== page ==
Collection Description

Culture Name

Yuki

Culture Description

The Yuki lived in northern Mendocino County California and spoke a language, Yukian, that has no known relationship to other languages. The Yuki include the Coast Yuki, Yuki, and Huchnom. In the 1990s there were about 100 Yukis around Round Valley, California. The Yuki used to practice hunting, gathering, and fishing and the Round Valley supported a relatively dense population on the rich wild resources. However, the Round Valley land was much desired by European-American settlers and the Yuki were displaced and killed to free up the land.

Note

Select the Culture Summary link above for a longer description of the culture.

Region

North America --Northwest Coast and California

Countries

United States

OWC Code

NS30

Number of Documents

19

Note: Select the Collection Documents tab above to browse documents.

Number of Pages

657

Collection Overview

Documents referred to in this section are included in the eHRAF collection and are referenced by author, date of publication, and eHRAF document number.

There are eighteen documents in the eHRAF Collection of Ethnography collection on the Yuki. A general introduction to the three main Yuki groups, Yuki, Coastal Yuki and Huchnom, can be found in Kroeber's articles from the Handbook of Californian Indians (1972, no. 9; 1972, no. 6; 1972, no. 7). Two other entries by Kroeber are on religion (1972, no. 8) and myths (1932, no. 10). Gifford (1937, no. 4) also wrote about myths and pre-contact culture of the Coast Yuki (1965, no. 3). Foster (1944, no. 2) wrote about pre-contact culture of the Round Valley Yuki. Miller (1979, no. 12; 1975, no. 13; 1978, no. 14) writes about the history of the Yuki in Round Valley and about changes in leadership before and after land reform (1989, no. 11). Treganza (1950, no. 16) writes about the archeology of Round Valley. An account of Yuki warfare is found in Goldschmidt (1939, no. 5) and plant use in Curtin (1959, no 1). Powell (1976, no. 17; 1976, no. 15) has written the earliest and extremely ethnocentric accounts of the Yuki.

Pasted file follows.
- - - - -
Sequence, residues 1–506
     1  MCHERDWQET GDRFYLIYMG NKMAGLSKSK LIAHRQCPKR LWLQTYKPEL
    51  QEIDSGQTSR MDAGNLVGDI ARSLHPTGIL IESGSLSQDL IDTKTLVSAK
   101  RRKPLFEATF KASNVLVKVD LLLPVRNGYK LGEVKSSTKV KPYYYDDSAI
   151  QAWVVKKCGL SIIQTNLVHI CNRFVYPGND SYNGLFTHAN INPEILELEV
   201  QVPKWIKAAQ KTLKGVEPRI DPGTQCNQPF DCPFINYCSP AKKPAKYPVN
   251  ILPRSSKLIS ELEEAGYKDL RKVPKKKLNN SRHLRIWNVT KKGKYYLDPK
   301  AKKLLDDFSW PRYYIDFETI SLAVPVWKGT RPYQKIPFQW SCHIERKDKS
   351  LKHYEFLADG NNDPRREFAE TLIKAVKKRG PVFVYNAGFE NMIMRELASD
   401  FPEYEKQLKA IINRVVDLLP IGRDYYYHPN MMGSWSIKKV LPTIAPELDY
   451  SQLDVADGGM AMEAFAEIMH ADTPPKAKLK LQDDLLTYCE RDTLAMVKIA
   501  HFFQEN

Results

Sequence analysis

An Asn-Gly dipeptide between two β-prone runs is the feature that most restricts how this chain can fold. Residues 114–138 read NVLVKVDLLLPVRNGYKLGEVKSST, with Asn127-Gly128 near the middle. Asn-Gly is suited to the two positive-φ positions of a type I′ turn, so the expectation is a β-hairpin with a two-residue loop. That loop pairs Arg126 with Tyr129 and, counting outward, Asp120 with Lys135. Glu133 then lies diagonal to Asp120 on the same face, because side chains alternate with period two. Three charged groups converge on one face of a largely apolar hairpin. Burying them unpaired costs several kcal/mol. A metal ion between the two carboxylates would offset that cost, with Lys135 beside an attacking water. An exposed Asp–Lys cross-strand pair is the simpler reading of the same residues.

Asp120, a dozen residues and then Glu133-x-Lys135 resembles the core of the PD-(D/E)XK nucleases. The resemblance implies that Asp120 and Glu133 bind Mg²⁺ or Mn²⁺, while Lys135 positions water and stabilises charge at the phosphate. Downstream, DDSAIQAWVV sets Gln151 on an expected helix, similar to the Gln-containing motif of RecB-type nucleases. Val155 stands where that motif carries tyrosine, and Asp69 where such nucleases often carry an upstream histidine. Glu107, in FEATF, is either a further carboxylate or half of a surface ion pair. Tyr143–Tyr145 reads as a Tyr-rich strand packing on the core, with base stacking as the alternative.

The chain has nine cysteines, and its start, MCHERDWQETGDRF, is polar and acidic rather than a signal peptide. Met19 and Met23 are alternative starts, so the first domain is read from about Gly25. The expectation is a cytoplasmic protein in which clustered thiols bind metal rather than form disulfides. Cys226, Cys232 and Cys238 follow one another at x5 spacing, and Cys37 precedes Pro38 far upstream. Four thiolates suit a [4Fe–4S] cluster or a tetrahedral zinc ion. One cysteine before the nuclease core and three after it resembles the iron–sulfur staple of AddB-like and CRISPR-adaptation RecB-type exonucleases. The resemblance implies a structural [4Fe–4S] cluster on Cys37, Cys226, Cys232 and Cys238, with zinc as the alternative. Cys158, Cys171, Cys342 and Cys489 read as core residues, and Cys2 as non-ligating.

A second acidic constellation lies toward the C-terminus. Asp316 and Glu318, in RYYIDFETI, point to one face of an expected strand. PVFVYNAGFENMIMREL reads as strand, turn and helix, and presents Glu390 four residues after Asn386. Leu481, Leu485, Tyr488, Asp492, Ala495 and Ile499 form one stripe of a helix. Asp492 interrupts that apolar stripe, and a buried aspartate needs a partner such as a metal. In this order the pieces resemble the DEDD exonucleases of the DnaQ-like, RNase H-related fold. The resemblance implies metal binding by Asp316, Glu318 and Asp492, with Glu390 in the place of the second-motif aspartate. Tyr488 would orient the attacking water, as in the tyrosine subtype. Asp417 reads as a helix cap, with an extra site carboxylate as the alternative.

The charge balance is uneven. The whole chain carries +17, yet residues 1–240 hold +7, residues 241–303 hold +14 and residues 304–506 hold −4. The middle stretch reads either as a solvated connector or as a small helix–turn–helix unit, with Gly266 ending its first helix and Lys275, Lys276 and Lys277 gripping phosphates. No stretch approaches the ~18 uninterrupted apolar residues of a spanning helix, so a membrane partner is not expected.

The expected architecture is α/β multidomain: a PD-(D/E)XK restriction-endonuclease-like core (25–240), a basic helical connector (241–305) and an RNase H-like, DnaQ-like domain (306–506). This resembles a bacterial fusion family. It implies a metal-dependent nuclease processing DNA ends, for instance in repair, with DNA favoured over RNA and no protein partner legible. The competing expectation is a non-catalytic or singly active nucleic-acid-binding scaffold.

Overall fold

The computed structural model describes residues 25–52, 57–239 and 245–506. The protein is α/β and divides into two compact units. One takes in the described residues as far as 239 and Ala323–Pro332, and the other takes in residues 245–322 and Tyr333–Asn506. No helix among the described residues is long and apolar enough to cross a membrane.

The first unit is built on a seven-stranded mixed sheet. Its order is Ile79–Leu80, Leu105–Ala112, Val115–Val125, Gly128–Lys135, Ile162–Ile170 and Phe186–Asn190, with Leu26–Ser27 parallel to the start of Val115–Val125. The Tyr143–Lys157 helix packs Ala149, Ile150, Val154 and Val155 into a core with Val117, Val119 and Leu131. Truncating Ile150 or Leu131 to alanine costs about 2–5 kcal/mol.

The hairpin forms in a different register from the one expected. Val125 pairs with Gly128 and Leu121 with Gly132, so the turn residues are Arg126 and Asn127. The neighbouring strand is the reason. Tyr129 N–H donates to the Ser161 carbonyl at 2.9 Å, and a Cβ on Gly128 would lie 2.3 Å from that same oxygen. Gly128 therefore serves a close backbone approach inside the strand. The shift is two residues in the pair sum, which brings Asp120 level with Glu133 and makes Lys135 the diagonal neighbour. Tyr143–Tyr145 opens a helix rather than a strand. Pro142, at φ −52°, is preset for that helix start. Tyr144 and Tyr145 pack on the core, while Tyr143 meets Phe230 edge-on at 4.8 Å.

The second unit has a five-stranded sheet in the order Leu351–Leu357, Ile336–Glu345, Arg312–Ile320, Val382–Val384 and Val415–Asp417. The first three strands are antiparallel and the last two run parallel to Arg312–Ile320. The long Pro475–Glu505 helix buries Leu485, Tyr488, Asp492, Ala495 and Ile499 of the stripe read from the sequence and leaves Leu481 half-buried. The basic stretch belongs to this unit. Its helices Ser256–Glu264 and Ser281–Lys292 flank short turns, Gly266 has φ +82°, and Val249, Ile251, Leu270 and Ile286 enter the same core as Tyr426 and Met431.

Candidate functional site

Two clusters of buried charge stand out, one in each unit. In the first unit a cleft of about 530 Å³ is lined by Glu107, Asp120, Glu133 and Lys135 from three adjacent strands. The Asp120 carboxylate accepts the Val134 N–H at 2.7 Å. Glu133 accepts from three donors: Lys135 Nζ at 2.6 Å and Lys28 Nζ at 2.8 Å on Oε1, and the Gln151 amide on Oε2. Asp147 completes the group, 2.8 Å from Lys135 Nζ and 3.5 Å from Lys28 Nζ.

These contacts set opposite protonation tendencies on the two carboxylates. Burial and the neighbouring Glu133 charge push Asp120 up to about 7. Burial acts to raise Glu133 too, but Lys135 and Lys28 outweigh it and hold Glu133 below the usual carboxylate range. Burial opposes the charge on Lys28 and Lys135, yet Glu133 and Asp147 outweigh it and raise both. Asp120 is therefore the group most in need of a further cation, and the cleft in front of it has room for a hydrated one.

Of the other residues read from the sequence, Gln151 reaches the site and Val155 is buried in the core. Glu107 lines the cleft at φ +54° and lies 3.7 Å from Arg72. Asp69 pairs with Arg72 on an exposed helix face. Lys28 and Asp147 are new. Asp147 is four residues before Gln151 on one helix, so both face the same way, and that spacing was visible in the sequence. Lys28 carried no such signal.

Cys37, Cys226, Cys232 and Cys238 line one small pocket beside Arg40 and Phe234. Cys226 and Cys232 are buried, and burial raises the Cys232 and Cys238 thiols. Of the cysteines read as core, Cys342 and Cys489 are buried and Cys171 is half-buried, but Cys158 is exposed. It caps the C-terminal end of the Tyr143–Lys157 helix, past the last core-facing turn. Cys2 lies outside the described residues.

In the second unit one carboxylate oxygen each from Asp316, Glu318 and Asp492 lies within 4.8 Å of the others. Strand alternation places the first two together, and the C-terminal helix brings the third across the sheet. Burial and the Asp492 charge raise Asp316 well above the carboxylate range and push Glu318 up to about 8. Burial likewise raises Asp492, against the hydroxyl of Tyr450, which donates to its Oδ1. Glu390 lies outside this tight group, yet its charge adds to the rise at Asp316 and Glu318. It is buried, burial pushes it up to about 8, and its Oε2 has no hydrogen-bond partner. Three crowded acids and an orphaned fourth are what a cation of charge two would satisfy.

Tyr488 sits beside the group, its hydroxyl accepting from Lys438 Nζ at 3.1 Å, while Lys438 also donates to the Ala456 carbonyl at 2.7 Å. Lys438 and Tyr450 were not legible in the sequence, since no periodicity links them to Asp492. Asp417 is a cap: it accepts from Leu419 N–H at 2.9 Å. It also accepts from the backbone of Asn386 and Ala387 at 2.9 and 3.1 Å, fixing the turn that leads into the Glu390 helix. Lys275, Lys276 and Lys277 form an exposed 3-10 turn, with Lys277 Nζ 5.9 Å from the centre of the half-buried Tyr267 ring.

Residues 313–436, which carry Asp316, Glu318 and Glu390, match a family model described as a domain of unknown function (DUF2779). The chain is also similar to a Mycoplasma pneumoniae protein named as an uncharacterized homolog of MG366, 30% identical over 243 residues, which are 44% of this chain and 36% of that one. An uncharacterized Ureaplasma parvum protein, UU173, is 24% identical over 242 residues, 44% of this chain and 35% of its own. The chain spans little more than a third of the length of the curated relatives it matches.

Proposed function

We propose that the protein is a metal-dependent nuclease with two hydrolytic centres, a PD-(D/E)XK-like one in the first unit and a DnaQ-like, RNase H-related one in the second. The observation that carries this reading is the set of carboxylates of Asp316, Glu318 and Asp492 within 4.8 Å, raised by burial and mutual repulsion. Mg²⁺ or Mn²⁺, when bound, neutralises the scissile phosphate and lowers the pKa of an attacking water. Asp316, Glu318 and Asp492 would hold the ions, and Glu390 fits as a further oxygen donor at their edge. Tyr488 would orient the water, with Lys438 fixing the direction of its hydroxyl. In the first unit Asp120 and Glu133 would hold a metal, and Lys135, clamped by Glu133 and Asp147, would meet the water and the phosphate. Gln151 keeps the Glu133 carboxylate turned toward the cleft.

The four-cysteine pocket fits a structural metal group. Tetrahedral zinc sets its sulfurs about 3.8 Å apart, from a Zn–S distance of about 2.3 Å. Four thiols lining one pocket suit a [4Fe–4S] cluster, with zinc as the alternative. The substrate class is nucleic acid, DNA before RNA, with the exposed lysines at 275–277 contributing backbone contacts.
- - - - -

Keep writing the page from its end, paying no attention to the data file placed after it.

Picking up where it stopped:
For more detailed information on the content of the individual works in the collection, see the abstracts in the citations preceding each document.

The culture summary was written by Ian Skoggard in October, 2002.

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